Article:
Lynne & Cobbie’s big tour: should I just go home and give up?

Hello from Cobbie and I as we embark on an extra ‘C’ before heading off to the south west to do C, D and E — The Cury, Dulverton West and the Eggesford.

Not too far up the road, The Croome and West Warwickshire were meeting at good friends Ed and Sarah Righton’s farm at Elmley Castle. Ed has been one of the joint masters since 2016. I love the annual breakfast meet at Elmley Castle. It’s such a friendly meet held at the village-run pub the Queen Elizabeth, so when Sarah suggested it, it was a no-brainer — what a way to see Bredon Hill and the views in the early morning! It all seemed a great idea.

However, Cobbie and I set off in a howling gale for the 6.45am meet. Sarah’s instructions were ringing in my ears: “We are meeting in the field at the farm”. After avoiding fallen trees and branches on the way, we were met by gates that were shut to the farm at Elmley Castle. Had I heard Sarah wrong? Was the meet at their other farm 20 minutes drive away?! Off I went in the continuing windy conditions and reached Hill Court Farm to peace and quiet and no evidence of a meet or hounds. Where were they? Should I just go home? Give up? No! Off I went back to Elmley Castle. Where were they? On getting back to the village with Sarah’s voice ringing in my ear, I took a right, instead of left turn in the village and sure enough there was the field where the meet had been, at the other side of the farm!

Sarah and Ed Righton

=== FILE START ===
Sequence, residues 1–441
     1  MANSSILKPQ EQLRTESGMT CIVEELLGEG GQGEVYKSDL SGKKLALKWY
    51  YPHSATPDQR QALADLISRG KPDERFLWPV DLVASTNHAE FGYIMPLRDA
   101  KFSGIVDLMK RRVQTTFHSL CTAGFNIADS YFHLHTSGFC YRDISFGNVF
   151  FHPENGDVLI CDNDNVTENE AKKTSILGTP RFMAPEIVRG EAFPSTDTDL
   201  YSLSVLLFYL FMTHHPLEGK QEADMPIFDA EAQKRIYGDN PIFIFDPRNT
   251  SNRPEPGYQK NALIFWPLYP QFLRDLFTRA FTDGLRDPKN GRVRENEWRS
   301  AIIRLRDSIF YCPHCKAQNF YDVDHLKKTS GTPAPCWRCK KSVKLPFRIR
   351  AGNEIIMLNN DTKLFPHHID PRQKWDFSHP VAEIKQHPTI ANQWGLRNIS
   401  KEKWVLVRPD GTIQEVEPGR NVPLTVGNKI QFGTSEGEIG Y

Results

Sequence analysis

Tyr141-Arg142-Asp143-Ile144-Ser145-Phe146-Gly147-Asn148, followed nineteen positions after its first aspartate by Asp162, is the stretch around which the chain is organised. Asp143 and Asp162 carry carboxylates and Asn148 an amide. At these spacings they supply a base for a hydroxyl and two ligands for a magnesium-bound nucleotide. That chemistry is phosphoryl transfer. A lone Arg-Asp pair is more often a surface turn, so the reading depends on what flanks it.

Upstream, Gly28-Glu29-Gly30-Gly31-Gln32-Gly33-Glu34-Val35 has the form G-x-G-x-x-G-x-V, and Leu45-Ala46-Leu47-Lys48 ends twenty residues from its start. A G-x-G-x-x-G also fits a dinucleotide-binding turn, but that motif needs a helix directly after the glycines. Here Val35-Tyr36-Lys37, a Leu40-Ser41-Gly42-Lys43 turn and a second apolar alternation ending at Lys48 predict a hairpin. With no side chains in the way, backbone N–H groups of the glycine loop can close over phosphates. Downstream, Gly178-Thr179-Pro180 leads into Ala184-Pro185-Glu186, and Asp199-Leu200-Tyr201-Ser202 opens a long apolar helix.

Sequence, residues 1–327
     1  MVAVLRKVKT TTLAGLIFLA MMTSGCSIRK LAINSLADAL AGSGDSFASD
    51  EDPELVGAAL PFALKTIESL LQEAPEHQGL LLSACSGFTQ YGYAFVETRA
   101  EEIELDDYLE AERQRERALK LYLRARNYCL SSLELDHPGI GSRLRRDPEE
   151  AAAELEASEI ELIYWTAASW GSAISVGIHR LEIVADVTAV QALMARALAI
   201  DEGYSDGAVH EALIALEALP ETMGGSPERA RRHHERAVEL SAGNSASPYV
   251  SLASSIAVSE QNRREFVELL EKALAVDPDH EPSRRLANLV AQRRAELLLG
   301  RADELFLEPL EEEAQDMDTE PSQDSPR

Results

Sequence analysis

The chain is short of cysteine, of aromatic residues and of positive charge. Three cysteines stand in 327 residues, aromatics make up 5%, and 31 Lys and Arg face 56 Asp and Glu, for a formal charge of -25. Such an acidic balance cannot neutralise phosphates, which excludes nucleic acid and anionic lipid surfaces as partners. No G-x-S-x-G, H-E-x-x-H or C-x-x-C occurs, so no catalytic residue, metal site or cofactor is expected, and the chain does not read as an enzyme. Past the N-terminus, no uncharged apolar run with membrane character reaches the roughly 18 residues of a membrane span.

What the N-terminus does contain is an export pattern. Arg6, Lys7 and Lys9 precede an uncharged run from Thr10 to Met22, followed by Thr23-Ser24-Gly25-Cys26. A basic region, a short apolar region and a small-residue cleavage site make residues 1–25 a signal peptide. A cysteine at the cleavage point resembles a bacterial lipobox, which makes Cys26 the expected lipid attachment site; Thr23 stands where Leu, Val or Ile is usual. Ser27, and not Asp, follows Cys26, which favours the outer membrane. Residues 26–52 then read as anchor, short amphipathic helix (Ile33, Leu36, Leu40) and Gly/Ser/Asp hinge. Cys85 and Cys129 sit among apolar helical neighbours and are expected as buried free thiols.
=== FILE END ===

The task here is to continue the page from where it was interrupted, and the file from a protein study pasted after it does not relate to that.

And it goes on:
Half an hour late, I unloaded Cobbie and headed off across the fields to be met by the sound of hounds hunting above me. What a welcome sound! After popping a hunt jump onto the bridle path that heads up Bredon Hill above the village, we eventually met up with Ed at the head of his mounted field. Hounds had by this time lost their trail and Ben Dalton (huntsman since 2014 having come from the Dulverton West) continued drawing up hill through the forestry. Conditions proved very testing for Ben and his pack of hounds, as the wind was still blowing strongly — the trails laid by Sarah proved too tricky to find.

Trail layer for the morning, Sarah Righton

Bredon Hill itself is a lovely place. Elmley Castle is at the base of the north side of the hill. From the top, the panoramic views west of the Malvern Hills and the Severn Valley were spectacular (pictured, top).

The draw for the morning took in parts of ancient woods, newer plantations, old grassland, scrub and patches of bracken and briers, which are part of one of England’s most important wildlife sites. A large section of the north and west side of the hill has been designated a Site of Special Scientific Interest. It is also home to a successful shoot. For hunting, it provides a landscape which hasn’t changed for years — we even crossed the ruins of a medieval castle covered in bracken and briars that was part of the day’s draw.

Heading home

After battling the elements with not a lot of results around the rest of the morning’s draw, the decision was made to head off the hill and call it a day. The ‘T-pot’ called!

Simon French, whipper-in, counts hounds off the hill — all on

Once everyone had boxed up, a welcome warming cuppa and breakfast of pork pie and doughnuts was dished out around Patty Allen’s quad bike. Patty had been following all morning mounted on her quad, wearing her smart blue Patey hat! Patty is a long-standing master of the Croome and West Warwickshire, having served since 1979.

Patty Allen MFH mounted astride four wheels instead of four legs!

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Refreshments around Patty Allen’s quad

Cobbie had to wait for his breakfast until he got home — he was not interested in eating it next to the trailer. It’s the only thing that is worrying me about him on out Big Tour — him going off his food. He has always been tricky with eating and drinking too when away from home. Once home though, he had the added incentive of all of his friends wanting his food to make him tuck in!

Cobbie tucking into his breakfast once home

Lynne

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